Evolutionary Classification
  • Darwin’s ideas about descent with modification have given rise to the study of phylogeny, or evolutionary relationships among organisms. Used today.
classification using cladograms
Classification Using Cladograms
  • To refine the process of evolutionary classification, many biologists now use a method called cladistic analysis.
  • Uses derived characters – unique characteristics that appear in recent organisms.
cladograms
Cladograms
  • Derived characters can be used to construct a cladogram, a diagram that shows the evolutionary relationships among a group of organisms.
cladogram of animal kingdom
Cladogram of Animal Kingdom

Chordates

Echinoderms

Arthropods

Annelids

Mollusks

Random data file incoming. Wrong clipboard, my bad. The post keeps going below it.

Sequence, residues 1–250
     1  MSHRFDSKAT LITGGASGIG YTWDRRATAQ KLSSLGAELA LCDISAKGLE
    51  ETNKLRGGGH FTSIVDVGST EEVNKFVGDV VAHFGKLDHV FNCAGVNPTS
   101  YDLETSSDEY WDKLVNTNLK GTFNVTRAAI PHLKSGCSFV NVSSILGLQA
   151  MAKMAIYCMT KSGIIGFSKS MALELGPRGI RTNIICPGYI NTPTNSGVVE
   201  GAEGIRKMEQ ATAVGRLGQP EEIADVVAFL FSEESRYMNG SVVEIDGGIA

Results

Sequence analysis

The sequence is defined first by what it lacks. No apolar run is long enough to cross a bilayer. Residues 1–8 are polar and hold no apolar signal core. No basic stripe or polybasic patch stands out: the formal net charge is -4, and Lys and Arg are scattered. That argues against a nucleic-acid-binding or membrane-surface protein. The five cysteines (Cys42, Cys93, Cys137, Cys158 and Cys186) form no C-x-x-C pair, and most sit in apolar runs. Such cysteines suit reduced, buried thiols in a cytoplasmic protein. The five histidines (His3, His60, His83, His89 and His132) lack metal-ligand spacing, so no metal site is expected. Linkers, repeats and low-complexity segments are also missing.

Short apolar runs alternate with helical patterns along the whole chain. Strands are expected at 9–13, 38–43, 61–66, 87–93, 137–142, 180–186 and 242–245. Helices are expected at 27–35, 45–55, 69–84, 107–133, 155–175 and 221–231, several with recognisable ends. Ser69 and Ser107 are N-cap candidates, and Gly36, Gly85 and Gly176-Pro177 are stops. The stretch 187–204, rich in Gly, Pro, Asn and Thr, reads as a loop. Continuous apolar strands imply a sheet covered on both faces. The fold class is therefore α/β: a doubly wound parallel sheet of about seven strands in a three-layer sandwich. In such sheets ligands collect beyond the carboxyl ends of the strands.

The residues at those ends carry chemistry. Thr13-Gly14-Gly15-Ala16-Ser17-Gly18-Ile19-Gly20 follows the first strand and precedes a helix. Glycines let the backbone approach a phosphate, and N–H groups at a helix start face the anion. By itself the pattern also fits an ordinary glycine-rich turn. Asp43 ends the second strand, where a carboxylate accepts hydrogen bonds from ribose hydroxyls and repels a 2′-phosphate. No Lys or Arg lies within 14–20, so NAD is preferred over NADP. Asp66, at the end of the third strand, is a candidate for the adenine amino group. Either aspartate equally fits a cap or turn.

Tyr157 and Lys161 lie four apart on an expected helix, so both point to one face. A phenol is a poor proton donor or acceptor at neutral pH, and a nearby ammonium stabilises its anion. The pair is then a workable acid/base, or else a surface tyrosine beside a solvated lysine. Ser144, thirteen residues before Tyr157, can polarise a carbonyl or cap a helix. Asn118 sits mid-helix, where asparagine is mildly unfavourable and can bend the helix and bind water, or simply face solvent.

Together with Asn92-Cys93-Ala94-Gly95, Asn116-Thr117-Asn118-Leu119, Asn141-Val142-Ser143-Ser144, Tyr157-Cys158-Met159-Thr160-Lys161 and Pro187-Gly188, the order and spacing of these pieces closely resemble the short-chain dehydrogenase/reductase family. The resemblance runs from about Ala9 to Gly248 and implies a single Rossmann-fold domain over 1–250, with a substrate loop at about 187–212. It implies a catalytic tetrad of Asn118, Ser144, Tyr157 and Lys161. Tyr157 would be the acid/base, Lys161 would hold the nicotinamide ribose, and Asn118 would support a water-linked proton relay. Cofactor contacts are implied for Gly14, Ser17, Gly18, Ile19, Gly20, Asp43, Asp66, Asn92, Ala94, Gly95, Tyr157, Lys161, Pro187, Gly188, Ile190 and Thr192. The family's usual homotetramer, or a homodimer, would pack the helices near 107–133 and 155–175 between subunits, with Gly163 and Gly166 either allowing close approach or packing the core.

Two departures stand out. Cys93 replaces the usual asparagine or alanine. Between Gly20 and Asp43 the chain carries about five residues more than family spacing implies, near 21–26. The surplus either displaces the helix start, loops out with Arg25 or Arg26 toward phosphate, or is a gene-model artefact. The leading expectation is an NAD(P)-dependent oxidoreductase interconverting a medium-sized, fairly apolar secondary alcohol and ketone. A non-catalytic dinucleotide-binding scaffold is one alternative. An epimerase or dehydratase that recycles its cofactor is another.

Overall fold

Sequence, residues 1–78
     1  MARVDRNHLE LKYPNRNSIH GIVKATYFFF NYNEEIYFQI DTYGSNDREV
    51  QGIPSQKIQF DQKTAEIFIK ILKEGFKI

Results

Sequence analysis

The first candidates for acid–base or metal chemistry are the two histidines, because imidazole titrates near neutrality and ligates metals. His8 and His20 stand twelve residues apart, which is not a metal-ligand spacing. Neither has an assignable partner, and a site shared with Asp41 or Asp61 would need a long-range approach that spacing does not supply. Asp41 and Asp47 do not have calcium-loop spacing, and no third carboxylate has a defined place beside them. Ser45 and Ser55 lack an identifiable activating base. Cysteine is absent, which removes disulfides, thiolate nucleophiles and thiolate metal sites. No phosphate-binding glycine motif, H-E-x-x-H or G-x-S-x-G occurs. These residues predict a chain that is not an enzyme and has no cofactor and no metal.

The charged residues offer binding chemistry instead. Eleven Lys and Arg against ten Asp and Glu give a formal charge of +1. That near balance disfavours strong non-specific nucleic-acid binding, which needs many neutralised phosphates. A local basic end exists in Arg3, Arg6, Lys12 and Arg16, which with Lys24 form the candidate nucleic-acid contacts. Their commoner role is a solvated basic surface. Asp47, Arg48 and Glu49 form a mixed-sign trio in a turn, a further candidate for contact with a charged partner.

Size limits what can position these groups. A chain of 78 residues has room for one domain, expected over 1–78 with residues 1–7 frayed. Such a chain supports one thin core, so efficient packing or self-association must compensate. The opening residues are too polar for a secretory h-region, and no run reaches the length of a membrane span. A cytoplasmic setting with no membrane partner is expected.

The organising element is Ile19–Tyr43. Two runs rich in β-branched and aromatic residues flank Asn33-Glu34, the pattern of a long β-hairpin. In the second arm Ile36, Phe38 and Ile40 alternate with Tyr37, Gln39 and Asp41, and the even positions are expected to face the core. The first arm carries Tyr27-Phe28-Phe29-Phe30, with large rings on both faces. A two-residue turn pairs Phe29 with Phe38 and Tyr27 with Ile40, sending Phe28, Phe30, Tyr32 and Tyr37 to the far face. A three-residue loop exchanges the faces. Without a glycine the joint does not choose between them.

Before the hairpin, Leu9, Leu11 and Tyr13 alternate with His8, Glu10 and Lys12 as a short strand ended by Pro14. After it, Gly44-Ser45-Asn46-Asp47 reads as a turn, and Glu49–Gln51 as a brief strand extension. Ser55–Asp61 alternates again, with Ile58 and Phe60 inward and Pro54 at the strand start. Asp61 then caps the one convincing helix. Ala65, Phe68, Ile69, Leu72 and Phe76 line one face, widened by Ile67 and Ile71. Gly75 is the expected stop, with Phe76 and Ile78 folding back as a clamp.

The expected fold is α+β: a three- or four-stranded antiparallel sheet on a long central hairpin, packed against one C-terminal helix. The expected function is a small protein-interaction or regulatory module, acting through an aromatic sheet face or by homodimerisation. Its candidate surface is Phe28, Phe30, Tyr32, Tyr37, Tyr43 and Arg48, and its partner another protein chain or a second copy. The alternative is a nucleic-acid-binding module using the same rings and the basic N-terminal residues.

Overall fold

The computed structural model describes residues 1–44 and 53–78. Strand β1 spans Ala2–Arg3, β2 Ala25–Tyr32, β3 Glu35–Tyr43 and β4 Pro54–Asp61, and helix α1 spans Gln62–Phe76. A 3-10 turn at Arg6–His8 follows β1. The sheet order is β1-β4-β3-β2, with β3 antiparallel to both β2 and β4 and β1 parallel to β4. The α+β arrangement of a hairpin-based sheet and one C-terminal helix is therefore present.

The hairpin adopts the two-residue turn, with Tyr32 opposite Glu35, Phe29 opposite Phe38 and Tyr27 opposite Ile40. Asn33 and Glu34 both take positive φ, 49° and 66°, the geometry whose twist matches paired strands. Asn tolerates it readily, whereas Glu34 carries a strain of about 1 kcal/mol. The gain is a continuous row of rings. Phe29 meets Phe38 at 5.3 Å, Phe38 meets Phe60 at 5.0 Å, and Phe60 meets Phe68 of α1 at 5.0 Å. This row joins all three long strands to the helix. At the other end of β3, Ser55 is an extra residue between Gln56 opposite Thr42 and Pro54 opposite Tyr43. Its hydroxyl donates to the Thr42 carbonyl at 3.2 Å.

RadialSymmetry

Roundworms

Flatworms

Pseudocoelom

Deuterostome Development

Cnidarians

RadialSymmetry

Coelom

Protostome Development

Sponges

Three Germ Layers;Bilateral Symmetry

Tissues

Multicellularity

Single-celled ancestor

similarities in dna rna
Similarities in DNA & RNA
  • The genes of many organisms show

important similarities at the molecular

level. These similarities are used to

classify.

  • EX. Humans and yeast both have a gene that codes for myosin (a protein in our muscles) — an indicator that humans and yeast have a common ancestor.
dna evidence example
DNA Evidence Example
  • In the traditional classification system, African vultures and American vultures were classified together, but DNA analysis has revealed that American vultures are actually more closely related to storks.
  • Based on DNA analysis, we know

that chimpanzees are our closest

living relatives (humans and

chimps share 98.5% same DNA).